Sundaram Tagore Singapore and curator Gary Ross Pastrana present work by eight emerging and established artists from the Philippines who find inspiration exploring their everyday surroundings. Through painting, sculpture, installation, photography and video, these artists create personal narratives influenced by the colorful, chaotic streets of Manila and beyond. The work in this show offers a rare glimpse into one of the most dynamic, up-and-coming contemporary art scenes in Southeast Asia.
On view will be work by artists Poklong Anading, Louie Cordero, Vic Balanon, Nona Garcia, Kawayan
De Guia, MM Yu and design collective Broke.
ABOUT THE ARTISTS
Internationally recognized artist Poklong Anading explores issues of identity through subjective
investigations into social occurrences. Formally trained as a painter, the Manila-based artist’s practice has
expanded to include sculpture, installation, video and photography. Anading’s work often takes an
interactive approach, engaging with both subject and viewer. His photograph Counter Acts (2004), part of
his series Anonymity (2004 – ongoing), in which Anading photographed his subjects holding round mirrors
in front of their faces, was included in the landmark 2013 Guggenheim exhibition No Country:
Contemporary Art For South and Southeast Asia and acquired for the museum’s permanent collection.
One of the most influential young artists working in the Filipino art scene, Nona Garcia is perhaps best
known for her elaborate, large-scale paintings characterized by an intense, photo-realistic approach and
for her series of X-ray installations—illuminated films of found objects encased in light-boxes. Although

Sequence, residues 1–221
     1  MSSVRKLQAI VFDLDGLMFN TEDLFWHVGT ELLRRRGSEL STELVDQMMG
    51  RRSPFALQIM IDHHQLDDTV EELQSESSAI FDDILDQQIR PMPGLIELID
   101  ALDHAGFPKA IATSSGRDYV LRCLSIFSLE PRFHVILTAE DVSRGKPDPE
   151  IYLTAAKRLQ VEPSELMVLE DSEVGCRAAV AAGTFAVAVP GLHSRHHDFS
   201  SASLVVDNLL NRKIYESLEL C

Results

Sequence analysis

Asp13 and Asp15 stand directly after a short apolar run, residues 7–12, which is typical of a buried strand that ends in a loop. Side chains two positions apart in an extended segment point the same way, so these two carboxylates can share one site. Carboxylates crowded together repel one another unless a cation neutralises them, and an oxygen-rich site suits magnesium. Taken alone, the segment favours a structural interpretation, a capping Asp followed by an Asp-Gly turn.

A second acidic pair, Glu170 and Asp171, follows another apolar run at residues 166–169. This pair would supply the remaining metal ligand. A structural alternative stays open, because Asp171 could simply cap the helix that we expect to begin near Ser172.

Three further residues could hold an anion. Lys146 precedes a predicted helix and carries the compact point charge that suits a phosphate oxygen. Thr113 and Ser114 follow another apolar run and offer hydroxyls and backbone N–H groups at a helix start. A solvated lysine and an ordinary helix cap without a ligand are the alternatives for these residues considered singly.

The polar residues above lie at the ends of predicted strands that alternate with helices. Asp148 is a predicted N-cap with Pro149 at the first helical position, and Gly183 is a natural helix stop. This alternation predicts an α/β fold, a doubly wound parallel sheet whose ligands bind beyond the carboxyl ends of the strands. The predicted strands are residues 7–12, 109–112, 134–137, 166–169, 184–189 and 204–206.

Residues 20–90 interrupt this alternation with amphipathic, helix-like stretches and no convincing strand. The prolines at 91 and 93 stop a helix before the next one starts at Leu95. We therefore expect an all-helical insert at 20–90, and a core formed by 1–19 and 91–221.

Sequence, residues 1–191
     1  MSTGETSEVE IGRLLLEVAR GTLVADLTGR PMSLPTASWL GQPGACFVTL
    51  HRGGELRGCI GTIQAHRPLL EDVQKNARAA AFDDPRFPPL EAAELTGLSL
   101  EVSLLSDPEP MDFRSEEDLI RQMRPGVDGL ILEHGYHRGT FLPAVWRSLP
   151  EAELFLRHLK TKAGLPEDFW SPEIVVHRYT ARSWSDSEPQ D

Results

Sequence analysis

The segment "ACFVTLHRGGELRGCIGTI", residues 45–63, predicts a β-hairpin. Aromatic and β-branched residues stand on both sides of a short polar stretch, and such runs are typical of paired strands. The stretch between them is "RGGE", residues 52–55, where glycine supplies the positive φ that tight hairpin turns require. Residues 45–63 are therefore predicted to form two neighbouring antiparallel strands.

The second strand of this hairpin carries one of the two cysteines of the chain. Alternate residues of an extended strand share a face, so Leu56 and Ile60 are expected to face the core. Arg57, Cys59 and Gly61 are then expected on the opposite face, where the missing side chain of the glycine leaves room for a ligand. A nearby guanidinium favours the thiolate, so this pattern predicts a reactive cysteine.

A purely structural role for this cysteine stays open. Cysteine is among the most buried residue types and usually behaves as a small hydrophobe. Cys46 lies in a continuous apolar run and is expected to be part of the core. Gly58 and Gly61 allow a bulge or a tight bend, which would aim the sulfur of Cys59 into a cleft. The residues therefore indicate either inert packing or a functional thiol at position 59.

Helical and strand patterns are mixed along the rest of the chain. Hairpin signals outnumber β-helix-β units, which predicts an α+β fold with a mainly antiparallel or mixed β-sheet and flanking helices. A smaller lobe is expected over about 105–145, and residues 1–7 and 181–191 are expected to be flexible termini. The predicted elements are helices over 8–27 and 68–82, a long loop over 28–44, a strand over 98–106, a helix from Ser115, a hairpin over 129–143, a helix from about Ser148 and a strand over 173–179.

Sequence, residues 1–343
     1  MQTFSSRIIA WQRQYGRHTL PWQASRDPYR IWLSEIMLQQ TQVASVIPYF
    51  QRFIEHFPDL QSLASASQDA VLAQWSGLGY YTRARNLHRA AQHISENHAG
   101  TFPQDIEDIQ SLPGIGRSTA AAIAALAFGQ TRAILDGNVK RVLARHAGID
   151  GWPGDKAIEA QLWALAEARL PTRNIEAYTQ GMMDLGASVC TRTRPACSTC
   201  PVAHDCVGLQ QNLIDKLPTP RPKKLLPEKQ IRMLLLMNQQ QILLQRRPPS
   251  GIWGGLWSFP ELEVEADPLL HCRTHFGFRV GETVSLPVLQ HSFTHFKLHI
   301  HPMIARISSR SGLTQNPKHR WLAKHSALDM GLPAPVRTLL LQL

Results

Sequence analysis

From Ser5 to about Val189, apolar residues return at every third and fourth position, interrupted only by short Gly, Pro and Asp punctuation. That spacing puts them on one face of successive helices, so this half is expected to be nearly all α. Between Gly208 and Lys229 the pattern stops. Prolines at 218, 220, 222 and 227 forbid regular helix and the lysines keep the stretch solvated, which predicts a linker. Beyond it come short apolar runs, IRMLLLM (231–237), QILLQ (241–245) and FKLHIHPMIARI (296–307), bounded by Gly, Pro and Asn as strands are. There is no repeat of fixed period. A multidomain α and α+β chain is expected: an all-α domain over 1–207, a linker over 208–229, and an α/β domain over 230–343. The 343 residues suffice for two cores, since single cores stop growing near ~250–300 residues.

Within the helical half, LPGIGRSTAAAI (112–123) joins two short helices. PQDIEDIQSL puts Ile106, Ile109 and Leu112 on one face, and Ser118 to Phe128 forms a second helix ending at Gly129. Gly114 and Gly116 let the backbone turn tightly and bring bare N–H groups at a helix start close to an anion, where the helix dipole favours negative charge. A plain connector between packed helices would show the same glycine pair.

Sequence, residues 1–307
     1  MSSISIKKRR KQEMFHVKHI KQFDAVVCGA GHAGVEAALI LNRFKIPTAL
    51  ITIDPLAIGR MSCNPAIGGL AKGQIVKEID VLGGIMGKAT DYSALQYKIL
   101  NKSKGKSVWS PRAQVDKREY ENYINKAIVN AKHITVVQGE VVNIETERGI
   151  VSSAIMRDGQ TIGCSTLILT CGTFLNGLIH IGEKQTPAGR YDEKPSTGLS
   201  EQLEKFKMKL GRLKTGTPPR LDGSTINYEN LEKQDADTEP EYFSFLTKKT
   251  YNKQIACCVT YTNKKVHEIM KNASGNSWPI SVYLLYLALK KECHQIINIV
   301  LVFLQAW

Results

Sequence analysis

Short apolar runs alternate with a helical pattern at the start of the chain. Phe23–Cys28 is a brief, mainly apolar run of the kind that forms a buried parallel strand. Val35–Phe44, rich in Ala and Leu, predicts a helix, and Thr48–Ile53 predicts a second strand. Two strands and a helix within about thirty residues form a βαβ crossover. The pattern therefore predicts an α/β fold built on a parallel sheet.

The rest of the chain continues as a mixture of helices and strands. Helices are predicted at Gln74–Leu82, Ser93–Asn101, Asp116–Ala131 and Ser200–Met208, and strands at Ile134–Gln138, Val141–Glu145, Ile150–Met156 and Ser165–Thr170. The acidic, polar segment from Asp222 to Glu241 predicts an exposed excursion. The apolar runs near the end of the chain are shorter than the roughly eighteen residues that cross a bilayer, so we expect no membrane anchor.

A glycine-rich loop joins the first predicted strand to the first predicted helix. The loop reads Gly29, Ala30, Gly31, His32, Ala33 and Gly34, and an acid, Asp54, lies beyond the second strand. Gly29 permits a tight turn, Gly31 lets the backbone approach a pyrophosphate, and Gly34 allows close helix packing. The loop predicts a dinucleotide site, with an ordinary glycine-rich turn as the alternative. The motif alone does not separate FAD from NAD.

representation plays a strong role in terms of her aesthetic, at its core, the Garcia’s work draws from a
purely imaginative abstraction of its subject. Garcia has exhibited her work in China, Italy, the Philippines,
Malaysia, Thailand, Singapore, Korea and Japan. In 2003 she received the prestigious Thirteen Artists
Award and was the grand prize winner of the Philip Morris Art Award in Singapore in 2000.
Louie Cordero explores imagery and narratives inspired by the history, religion, politics and popular
culture of the Philippines. Articulated in a riot of color and infused with elements of kitsch and abject
absurdity, Cordero’s work is populated with detached body parts, mutated creatures of unknown origin,
graphic scenes of violence that border on the grotesque, juxtaposed alongside vivid imagery of Indian
advertisements, American B-movies, symbols of Catholicism and relics of Filipino folklore. The Manilabased
artist’s aesthetic has evolved over time, from purely figurative renderings to more abstract
compositions—a fusion of primitivism and formalism that forms a unique visual language reflecting
Cordero’s offbeat take on contemporary Filipino society.
Baguio City-based artist Kawayan de Guia produces drawings, paintings, sculpture and installations that
explore sociopolitical issues in contemporary Filipino society. The artist fuses seemingly opposing ideas,
such as consumerism and spiritualism, into collages and assembled installations made from found objects
that embody local character. Although broken and discarded, these miscellaneous items are imbued with
personal significance—something de Guia perceives as part of a cultural collective memory, which he
aims to galvanize and reactivate through his work. De Guia has completed several residencies, including
at the Art Omi International Center in Ghent, New York. He received the Philip Morris Asian Art Award in
2003 and the Ateneo Art Award for Visual Art, Manila, in 2011.